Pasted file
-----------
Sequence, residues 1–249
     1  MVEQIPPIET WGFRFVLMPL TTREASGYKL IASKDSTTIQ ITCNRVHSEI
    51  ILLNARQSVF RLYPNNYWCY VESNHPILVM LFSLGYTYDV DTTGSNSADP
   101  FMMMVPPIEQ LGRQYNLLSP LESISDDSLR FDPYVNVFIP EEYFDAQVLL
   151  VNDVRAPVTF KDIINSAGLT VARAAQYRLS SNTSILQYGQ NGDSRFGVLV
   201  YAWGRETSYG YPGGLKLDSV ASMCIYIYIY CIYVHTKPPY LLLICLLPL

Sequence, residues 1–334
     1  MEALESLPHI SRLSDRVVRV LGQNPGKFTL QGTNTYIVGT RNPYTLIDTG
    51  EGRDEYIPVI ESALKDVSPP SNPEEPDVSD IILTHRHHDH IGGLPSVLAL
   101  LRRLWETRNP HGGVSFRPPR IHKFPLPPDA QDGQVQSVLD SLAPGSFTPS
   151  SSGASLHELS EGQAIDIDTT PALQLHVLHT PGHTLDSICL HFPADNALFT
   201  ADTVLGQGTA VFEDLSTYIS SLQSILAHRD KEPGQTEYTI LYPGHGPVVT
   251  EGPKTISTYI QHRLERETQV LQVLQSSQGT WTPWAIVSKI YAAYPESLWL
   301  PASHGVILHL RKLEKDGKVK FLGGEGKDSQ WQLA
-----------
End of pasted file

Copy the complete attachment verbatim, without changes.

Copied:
Sequence, residues 1–249
     1  MVEQIPPIET WGFRFVLMPL TTREASGYKL IASKDSTTIQ ITCNRVHSEI
    51  ILLNARQSVF RLYPNNYWCY VESNHPILVM LFSLGYTYDV DTTGSNSADP
   101  FMMMVPPIEQ LGRQYNLLSP LESISDDSLR FDPYVNVFIP EEYFDAQVLL
   151  VNDVRAPVTF KDIINSAGLT VARAAQYRLS SNTSILQYGQ NGDSRFGVLV
   201  YAWGRETSYG YPGGLKLDSV ASMCIYIYIY CIYVHTKPPY LLLICLLPL

Sequence, residues 1–334
     1  MEALESLPHI SRLSDRVVRV LGQNPGKFTL QGTNTYIVGT RNPYTLIDTG
    51  EGRDEYIPVI ESALKDVSPP SNPEEPDVSD IILTHRHHDH IGGLPSVLAL
   101  LRRLWETRNP HGGVSFRPPR IHKFPLPPDA QDGQVQSVLD SLAPGSFTPS
   151  SSGASLHELS EGQAIDIDTT PALQLHVLHT PGHTLDSICL HFPADNALFT
   201  ADTVLGQGTA VFEDLSTYIS SLQSILAHRD KEPGQTEYTI LYPGHGPVVT
   251  EGPKTISTYI QHRLERETQV LQVLQSSQGT WTPWAIVSKI YAAYPESLWL
   301  PASHGVILHL RKLEKDGKVK FLGGEGKDSQ WQLA